Grassed waterways can help maintain soil quality and productivity

This article provides essential information about establishing grassed waterways in wheat stubble. The best timing is to establish them following wheat harvest.

Producers are looking for ways to improve the quality and productivity of their soils. While this is important, keeping the existing soil quality and productivity from degrading due to soil erosion is just as important. This is especially true given the frequent and intense rain events we’ve experienced in recent years.

Well designed and maintained grassed waterways can be an important tool for maintaining soil quality and productivity. The field shown in Photos 1 and 2 is an excellent example. Photo 1 was taken after a heavy rain event in June of 2010. The producer responded to this situation by establishing the grassed waterway shown in Photo 2.

Soil erosion
Photo 1: Severe soil erosion and sediment deposition (2010).

Grassed waterway
Photo 2: Successfully established and maintained grassed waterway (2015).

There are two main complaints I hear about grassed waterways:

  1. They are difficult to establish (Photo 3) and
  2. Over time, the water runs around waterways instead of through them (Photo 4).

Both of these challenges can be overcome.

Seeded waterway 
Photo 3: Newly seeded waterway washed out by spring and summer rain events (2015).

Soil erosion 
Photo 4: Water flowing around an established waterway due to sediment accumulation (2010).

Michigan State University Extension advises that the best time to establish waterways is following wheat harvest. The wheat stubble stabilizes the surrounding soil and the grass will have good conditions for germination and adequate time to become established before the fall rains. The waterway shown in Photo 3 was established this spring and was washed out by one or more intense rainfall events. Straw bales were placed across the waterway to prevent this. However, they did not work in this situation and are not recommended.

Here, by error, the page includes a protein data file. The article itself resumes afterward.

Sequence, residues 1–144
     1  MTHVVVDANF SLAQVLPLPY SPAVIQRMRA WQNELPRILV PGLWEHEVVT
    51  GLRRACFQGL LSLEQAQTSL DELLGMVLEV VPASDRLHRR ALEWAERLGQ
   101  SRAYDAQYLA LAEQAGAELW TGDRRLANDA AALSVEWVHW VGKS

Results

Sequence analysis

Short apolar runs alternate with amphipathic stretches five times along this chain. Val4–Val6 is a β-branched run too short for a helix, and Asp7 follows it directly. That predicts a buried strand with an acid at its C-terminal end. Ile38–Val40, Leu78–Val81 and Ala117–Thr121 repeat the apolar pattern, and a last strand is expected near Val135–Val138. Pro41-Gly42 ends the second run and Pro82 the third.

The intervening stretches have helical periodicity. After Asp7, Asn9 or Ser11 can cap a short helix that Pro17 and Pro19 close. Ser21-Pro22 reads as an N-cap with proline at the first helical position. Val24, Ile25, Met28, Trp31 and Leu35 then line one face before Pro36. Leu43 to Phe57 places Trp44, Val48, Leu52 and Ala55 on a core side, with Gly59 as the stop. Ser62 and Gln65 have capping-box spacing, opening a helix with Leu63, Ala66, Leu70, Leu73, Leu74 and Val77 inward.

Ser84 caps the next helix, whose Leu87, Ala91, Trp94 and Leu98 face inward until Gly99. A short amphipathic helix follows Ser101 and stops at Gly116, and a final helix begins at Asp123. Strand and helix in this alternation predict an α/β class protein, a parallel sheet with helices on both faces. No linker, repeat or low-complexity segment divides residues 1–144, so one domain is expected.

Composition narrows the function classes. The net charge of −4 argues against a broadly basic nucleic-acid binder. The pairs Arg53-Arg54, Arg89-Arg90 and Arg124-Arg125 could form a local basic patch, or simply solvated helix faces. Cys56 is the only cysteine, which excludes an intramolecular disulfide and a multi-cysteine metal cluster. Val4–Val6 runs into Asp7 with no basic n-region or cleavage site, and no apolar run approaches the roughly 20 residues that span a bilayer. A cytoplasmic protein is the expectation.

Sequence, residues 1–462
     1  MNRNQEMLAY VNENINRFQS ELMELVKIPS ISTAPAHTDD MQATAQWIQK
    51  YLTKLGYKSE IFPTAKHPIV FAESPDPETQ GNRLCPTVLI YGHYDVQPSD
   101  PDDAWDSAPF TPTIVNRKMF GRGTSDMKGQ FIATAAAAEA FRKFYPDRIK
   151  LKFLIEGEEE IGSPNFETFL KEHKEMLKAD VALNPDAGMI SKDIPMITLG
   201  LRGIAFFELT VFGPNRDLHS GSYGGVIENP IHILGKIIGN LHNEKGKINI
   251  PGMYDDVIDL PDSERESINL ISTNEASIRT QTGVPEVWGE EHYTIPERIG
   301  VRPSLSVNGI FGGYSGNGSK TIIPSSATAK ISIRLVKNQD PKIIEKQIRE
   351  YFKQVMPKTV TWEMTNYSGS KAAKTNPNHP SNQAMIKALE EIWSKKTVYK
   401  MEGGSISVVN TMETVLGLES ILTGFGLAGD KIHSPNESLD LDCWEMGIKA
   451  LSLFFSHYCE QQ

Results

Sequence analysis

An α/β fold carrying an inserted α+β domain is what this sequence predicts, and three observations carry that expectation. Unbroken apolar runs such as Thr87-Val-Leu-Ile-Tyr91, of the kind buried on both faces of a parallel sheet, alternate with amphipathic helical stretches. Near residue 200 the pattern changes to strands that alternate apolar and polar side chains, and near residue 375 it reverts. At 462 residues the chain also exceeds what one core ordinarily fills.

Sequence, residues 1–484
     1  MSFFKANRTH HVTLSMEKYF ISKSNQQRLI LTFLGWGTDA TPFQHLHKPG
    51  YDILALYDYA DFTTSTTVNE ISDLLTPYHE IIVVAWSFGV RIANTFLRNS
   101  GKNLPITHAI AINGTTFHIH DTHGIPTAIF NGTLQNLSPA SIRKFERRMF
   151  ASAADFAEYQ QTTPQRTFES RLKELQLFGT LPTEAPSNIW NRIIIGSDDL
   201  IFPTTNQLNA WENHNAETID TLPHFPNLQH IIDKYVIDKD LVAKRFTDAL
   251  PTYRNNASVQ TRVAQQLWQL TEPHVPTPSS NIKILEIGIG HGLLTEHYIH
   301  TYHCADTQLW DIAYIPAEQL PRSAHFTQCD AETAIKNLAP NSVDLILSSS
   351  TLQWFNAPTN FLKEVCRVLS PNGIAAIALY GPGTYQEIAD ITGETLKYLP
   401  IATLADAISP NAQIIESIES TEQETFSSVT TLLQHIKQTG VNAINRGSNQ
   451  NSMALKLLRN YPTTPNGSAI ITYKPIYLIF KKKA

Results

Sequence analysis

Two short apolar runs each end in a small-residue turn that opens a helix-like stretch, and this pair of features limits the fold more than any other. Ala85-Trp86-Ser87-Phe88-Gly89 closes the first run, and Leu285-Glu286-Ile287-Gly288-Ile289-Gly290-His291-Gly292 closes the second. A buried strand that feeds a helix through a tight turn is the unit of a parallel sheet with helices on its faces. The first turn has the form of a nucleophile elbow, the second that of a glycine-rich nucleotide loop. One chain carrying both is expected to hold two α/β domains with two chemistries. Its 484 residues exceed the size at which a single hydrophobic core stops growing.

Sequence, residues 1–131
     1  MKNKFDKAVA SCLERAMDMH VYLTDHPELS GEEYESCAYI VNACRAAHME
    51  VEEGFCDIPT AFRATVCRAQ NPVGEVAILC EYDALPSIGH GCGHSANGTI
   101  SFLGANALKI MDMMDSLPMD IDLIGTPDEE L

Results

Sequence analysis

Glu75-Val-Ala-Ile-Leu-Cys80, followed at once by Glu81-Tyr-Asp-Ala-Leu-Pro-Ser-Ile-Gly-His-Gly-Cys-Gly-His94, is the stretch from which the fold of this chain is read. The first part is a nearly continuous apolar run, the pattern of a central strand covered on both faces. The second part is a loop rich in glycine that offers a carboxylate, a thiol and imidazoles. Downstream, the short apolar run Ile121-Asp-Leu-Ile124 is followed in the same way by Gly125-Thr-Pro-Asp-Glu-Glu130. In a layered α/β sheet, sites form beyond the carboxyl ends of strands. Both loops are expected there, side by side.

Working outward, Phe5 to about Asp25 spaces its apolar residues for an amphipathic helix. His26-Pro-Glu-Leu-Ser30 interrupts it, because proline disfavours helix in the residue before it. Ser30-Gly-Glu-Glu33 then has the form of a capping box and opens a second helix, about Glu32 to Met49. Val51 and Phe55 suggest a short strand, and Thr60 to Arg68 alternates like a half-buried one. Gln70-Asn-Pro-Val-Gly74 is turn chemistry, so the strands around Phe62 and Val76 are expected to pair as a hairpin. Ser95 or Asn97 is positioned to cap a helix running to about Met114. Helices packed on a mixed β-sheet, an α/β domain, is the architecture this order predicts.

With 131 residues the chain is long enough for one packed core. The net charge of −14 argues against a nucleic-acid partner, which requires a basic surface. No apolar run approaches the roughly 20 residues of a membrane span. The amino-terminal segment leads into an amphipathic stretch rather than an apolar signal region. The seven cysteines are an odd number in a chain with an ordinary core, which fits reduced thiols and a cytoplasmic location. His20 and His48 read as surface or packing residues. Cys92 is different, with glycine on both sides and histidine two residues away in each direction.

There are two reasons why water runs around waterways rather than through them. First, sediment builds up in the waterway to the point that the waterway becomes higher than the surrounding soil (Photo 4). Proper design will eliminate this problem. Tillage and planting operations performed parallel to the waterways rather than perpendicular to them can also cause water to flow around waterways. All tillage and planting operations should be directed into grassed waterways and never around them.

General recommendations for establishing grassed waterways include:

  • Locate grassed waterways in areas of concentrated water flow.
  • Establish grassed waterways after wheat harvest.
  • Select a mixture of sod-forming grasses such as creeping red fescue, tall fescue, Kentucky blue grass, smooth brome and perennial ryegrass.
  • Make the cross section of the waterway either trapezoidal or parabolic, and never V-shaped.
  • Be sure waterways are at least 0.8 of a foot deep and the slope of the sidewalls should never be steeper than 1 foot of rise for every 3 feet of run.
  • Never install rocks, straw bales etc. that extend above the floor of the waterway.   

The USDA Natural Resource Conservation Service (NRCS) is the best source of information regarding soil conservation practices including grassed waterways. In some situations, cost share funds and site-specific assistance will be provided to producers. However, due to existing workloads, there may be a waiting period for cost-shared waterways to be designed and installed. The NRCS has online resources available at for producers who want to install waterways on their own. The following NRCS resources are recommended:

These materials cover waterway design, grass species selection and waterway maintenance. Producers should review these materials and contact their local NRCS office for a brief consultation before installing a grassed waterway. 

This article was produced by the SMaRT project (Soybean Management and Research Technology). The SMaRT project was developed to help Michigan producers increase soybean yields and farm profitability. SMaRT is a partnership between MSU Extension and the Michigan Soybean Checkoff program.

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